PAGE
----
Aluminum giant Alcoa
Alcoa said on Monday it planned to close its Portovesme smelter in Italy and slash output at two Spanish smelters, part of a broader effort by the U.S. aluminum producer to cut its global output by 12 percent and reduce costs.
On Friday, the government asked Alcoa to suspend a collective dismissal procedure, known as mobilita in Italian, which usually leads to closing a business, and instead offered to work together to find alternative solutions, the industry ministry said in a statement.
But Alcoa has rejected such proposals and confirmed its decision to close Portovesme on the island of Sardinia.
We just could not accept a delay, so we have rejected this proposal to delay the beginning of the mobilita procedure. We consider the procedure to have begun, Alessandro Profili, in charge of European affairs at Alcoa, told Reuters after a government meeting.
Alcoa's decision has run into fierce opposition from labor unions and authorities of Sardinia who say it would cost the jobs of about 1,500 people linked to the plant directly and indirectly and would deal a heavy blow to the island's economy.
The rules of the game are not only those set by financial markets but also those which oblige (companies) to do business respecting economic and social impact on the country, Sardinia's President Ugo Cappellacci said in a statement adding he was dismayed by Alcoa's unreasonable attitude.
Trade unions present at the meeting condemned Alcoa's rejection of the government proposals and said they were getting ready for protest actions.
The government has shown an intention to look for possible solutions linked to energy costs, Luigi Barra, a representative of Cisl union, told reporters after the meeting in Rome.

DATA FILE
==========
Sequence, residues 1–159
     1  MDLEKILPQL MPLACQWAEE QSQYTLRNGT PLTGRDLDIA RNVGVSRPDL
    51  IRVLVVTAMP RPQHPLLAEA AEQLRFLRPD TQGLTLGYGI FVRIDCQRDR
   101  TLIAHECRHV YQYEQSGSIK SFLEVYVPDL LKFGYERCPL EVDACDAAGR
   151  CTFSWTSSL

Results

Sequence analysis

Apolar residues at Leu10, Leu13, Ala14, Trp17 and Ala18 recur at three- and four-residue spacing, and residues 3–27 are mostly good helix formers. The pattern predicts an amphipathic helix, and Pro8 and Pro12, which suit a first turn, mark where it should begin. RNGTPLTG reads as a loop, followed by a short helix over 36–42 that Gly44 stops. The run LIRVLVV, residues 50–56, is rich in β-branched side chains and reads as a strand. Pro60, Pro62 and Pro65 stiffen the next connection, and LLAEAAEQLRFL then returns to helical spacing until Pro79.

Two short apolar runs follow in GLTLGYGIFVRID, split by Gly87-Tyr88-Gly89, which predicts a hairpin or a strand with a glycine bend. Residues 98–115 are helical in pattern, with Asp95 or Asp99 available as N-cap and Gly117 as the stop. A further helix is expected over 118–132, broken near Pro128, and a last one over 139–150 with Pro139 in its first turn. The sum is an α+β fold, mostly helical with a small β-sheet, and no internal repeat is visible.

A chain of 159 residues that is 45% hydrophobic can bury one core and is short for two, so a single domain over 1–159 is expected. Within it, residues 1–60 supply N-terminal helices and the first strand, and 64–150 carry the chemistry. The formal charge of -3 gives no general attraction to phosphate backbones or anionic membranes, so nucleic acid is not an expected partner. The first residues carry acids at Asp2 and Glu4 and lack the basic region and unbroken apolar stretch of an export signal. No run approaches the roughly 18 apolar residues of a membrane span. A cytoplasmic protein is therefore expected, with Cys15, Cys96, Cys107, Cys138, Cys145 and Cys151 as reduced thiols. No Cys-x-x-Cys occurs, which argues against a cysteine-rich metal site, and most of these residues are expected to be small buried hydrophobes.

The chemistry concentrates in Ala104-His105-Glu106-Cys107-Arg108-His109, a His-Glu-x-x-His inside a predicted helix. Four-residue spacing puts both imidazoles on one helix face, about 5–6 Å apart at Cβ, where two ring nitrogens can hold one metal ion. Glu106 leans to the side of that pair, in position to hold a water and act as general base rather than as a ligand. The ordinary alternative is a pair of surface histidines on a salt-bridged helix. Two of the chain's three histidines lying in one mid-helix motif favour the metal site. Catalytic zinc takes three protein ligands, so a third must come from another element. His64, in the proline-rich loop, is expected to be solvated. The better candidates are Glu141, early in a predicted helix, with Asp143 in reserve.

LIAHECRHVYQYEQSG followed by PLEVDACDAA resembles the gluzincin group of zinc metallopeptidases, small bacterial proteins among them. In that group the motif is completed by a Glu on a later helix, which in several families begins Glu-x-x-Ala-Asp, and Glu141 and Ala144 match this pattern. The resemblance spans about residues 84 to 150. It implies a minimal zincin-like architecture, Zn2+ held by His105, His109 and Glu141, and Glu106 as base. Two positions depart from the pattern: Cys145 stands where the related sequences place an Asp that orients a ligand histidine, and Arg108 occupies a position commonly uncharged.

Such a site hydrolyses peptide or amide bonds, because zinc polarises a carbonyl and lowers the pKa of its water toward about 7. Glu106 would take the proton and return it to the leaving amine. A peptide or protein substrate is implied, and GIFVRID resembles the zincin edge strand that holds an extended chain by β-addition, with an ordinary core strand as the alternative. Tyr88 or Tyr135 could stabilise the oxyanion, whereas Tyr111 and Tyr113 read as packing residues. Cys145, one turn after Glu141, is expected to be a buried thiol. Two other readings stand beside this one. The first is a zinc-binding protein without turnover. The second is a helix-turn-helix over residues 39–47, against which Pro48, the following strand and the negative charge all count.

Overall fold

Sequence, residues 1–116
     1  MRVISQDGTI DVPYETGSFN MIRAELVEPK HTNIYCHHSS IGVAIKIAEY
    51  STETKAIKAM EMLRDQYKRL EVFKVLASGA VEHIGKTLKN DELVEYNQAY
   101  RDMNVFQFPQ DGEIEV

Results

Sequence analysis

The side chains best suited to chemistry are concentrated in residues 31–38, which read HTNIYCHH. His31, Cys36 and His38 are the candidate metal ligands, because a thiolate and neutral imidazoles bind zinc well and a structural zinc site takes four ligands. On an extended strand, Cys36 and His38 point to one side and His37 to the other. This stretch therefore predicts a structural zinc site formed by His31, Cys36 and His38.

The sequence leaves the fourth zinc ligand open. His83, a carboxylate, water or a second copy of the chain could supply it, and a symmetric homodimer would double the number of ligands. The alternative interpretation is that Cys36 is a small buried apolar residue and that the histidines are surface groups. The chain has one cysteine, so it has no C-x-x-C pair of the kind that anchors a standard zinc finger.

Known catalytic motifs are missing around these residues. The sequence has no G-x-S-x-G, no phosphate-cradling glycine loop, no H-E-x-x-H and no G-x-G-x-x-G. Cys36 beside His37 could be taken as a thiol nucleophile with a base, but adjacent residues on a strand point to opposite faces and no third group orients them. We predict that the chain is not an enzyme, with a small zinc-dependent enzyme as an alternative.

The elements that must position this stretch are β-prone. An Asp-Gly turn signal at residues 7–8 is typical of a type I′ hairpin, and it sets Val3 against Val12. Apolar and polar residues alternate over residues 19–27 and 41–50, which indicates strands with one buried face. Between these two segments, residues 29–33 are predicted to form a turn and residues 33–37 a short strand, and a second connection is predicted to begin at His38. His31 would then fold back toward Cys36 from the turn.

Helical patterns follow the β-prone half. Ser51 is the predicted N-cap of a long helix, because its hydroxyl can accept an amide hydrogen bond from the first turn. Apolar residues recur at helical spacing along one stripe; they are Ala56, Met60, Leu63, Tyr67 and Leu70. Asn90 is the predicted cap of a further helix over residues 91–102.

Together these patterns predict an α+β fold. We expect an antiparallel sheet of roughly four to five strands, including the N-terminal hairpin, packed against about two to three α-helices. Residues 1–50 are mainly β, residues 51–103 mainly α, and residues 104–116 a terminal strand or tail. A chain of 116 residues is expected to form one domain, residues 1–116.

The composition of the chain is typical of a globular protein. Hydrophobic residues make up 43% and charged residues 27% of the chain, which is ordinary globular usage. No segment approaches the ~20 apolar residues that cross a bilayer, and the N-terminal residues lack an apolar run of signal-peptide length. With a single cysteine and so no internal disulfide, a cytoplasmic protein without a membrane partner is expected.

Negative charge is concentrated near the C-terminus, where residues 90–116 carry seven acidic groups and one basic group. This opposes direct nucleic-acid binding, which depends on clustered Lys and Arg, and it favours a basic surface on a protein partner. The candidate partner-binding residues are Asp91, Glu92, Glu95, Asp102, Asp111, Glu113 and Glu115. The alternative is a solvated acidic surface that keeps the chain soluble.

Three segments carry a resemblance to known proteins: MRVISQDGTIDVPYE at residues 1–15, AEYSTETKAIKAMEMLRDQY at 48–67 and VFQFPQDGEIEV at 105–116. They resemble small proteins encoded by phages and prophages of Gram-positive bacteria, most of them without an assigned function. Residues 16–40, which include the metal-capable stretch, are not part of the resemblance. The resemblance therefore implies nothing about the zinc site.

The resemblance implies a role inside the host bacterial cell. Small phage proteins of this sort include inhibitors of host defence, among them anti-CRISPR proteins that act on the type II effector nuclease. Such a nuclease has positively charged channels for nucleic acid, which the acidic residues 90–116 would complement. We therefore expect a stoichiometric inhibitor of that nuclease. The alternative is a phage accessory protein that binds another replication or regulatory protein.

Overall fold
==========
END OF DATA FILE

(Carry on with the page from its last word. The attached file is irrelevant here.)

Alcoa's Profili said high electricity costs were not the only reason to close down the Portovesme smelter, one of the most expensive plants in the group.
Energy is the big point but it's not only that. There are some structural deficiencies at Portovesme ... We just do not find some of the services and materials in Sardinia anymore. Everything has to be brought in and it adds to the costs, he said.
The government has understood Alcoa's decision and wanted to mitigate the social impact of the closure, Profili said.
We also want to mitigate the social impact but we want to do it in the framework of the mobilita procedure, he said.
But the industry ministry said Alcoa's rejection of its proposal was inexplicable and the company was turning its back on a special decree the government passed in 2010 offering favorable power supply conditions to some industrial consumers to convince Alcoa to keep its Italian plants working.
Profili said Alcoa was not planning to close another Italian plant, the Fusina rolling mill near Venice, which is well integrated in the group.
Nothing is going to happen to Fusina, he said.
An Italian industry body has said closure of Portovesme, the country's only producer of primary metal, would hit competitiveness of the national aluminum industry.
(Reporting by Massimiliano Di Giorgio in Rome, Svetlana Kovalyova in Milan; editing by Keiron Henderson)